How the GPL applies in a Web context is not clear to me, either. Despite being served in discrete chunks as a result of distinct HTTP network fetches, does copyright law consider the application as a whole one work? It's unclear to me and not well-defined by existing case law.
However, the operation of the LGPL (rather than the GPL) can remain happily agnostic to the outcome of this question, since its copyleft extends only to a library and not to a whole application that uses the library. If your application uses an LGPL library in a way that the application code merely "combines with" the library (rather than modifies the library directly), you need only abide by copyleft requirements for that library and not your whole app. (See the phrase "Combined Work" throughout the LGPLv3 to understand its definition and copyleft requirements.)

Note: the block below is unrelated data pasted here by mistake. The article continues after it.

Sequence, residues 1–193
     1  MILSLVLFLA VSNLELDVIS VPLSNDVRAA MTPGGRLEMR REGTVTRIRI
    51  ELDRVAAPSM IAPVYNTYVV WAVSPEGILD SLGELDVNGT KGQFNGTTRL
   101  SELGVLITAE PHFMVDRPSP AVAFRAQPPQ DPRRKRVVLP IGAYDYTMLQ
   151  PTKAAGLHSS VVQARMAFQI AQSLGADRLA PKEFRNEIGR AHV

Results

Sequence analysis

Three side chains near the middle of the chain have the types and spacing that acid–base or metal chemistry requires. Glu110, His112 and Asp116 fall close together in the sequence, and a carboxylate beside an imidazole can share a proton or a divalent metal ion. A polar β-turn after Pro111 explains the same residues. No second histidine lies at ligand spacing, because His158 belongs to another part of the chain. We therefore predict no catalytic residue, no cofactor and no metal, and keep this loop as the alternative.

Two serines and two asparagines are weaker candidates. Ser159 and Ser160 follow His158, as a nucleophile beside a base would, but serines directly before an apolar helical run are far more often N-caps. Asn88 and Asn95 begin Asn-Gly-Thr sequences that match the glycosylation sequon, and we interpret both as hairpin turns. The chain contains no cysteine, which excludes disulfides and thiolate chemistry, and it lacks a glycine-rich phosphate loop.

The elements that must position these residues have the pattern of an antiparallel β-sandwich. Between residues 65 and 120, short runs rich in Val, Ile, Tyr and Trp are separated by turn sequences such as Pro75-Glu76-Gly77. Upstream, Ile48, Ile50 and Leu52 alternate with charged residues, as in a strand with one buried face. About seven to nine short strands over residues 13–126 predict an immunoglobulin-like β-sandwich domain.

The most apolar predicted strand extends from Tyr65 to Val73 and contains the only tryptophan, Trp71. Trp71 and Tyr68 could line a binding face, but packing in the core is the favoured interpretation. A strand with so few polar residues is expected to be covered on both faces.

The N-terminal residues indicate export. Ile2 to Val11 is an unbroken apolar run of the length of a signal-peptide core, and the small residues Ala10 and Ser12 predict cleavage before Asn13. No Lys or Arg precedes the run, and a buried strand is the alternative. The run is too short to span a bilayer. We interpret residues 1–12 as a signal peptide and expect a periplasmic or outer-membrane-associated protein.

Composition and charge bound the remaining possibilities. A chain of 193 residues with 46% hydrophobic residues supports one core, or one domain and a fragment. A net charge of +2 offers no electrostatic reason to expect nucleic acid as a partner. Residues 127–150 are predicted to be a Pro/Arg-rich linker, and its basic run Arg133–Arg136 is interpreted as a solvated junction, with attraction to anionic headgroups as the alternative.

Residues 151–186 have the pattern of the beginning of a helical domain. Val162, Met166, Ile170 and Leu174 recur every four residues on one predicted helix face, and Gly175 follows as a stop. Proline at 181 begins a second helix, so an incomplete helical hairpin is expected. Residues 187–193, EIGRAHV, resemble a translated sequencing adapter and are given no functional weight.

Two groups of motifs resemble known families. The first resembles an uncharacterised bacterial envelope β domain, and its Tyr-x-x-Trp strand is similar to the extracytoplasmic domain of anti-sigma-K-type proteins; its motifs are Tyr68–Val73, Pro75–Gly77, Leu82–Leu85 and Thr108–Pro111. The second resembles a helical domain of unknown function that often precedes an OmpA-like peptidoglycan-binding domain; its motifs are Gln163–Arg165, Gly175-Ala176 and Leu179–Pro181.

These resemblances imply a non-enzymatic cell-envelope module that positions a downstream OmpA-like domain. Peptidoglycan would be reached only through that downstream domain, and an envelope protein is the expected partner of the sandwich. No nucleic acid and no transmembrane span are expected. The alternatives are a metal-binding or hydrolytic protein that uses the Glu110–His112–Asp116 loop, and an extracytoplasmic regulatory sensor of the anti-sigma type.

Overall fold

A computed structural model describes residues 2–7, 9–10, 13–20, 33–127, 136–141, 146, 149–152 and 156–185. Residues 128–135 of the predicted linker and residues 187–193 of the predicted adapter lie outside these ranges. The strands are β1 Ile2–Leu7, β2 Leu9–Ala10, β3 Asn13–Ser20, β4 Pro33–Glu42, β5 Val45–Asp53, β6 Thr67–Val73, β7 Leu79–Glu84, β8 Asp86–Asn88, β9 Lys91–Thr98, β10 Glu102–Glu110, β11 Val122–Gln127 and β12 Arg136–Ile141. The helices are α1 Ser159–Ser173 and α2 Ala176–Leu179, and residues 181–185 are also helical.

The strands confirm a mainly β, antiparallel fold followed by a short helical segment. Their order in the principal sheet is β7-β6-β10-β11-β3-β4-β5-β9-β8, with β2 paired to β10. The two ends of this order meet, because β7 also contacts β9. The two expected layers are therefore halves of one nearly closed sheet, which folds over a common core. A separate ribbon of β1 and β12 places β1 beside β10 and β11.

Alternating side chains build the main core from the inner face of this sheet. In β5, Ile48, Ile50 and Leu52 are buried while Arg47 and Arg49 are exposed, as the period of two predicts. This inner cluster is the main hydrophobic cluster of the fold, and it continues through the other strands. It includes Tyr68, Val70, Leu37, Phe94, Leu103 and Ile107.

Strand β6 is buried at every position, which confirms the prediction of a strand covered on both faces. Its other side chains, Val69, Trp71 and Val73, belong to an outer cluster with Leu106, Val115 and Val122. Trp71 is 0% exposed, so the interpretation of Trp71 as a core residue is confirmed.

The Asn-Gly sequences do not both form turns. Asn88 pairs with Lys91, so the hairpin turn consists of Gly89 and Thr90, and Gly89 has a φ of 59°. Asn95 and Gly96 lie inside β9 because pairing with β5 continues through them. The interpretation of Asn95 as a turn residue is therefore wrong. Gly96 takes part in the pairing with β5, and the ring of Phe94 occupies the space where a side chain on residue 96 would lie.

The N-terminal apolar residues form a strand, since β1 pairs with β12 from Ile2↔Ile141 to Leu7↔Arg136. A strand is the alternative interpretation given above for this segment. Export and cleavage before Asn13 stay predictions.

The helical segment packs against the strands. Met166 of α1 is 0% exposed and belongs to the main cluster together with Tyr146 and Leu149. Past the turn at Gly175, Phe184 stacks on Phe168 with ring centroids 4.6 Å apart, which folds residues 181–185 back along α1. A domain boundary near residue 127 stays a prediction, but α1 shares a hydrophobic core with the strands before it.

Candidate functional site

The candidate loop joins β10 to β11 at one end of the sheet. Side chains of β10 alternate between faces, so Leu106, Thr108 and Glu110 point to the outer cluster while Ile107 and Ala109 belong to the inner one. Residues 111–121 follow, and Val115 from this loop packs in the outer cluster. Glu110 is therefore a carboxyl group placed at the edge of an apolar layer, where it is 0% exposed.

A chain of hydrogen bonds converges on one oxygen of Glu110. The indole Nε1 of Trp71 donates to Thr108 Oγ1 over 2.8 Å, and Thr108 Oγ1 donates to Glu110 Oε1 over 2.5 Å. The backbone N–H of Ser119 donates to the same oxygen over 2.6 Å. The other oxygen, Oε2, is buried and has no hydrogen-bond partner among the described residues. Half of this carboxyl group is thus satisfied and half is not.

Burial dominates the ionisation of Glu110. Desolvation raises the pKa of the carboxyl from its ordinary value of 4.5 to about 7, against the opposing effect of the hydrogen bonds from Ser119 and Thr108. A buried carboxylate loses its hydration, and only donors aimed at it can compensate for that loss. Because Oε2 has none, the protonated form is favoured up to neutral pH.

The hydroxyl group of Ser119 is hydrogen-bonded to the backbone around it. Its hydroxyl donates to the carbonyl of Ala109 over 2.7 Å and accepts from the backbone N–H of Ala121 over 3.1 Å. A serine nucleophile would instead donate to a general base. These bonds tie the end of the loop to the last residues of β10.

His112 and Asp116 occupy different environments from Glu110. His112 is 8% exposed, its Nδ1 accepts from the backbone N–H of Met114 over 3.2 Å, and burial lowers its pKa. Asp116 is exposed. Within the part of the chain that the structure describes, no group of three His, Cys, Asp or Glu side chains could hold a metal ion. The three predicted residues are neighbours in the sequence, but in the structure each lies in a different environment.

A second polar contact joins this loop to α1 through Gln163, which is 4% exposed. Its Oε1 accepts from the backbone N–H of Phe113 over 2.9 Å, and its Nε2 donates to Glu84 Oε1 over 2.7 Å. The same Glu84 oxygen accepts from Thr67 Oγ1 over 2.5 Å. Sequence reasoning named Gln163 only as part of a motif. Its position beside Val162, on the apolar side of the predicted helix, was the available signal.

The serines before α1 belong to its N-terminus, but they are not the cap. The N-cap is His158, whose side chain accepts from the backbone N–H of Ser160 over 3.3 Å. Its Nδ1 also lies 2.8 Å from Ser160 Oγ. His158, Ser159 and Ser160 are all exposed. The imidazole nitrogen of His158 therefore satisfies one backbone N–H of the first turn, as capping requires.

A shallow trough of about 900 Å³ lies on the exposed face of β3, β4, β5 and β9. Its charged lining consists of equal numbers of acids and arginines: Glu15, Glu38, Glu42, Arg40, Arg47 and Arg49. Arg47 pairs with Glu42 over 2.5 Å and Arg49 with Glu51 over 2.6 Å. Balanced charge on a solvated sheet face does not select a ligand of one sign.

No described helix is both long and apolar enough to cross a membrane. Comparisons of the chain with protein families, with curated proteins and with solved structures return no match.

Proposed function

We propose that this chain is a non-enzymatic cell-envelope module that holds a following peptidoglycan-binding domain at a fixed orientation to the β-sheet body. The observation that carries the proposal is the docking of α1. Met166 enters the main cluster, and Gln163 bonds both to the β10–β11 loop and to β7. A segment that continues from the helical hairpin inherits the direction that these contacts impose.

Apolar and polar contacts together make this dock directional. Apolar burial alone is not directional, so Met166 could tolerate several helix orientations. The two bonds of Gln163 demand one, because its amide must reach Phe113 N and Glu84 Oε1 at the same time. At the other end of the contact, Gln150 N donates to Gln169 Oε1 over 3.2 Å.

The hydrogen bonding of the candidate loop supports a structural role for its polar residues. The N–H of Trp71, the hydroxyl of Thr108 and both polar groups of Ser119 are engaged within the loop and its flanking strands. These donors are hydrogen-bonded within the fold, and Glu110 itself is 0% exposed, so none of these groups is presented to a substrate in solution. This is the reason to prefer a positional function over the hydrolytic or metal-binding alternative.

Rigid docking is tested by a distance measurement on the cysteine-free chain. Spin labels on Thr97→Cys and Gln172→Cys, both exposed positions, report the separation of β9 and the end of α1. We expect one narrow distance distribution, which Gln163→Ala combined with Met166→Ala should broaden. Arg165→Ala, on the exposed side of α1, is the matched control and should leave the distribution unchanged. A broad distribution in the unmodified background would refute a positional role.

How distribution applies to the Web is usually quite simple: if something ends up in RAM or storage on a user's computer in any form, then it has been distributed to them. If a piece of code lives on your own server and is never transmitted to a user in any form, then it has not been distributed. The client-side code of your application is distributed; each component that is (L)GPL-licensed must be accompanied with source code or with prominent offers for source code (but obviously any components not covered by copyleft licenses need not satisfy those copyleft requirements). Your server-side code is not distributed and creates no copyleft obligations (unless you use code under the much-stronger AGPL.)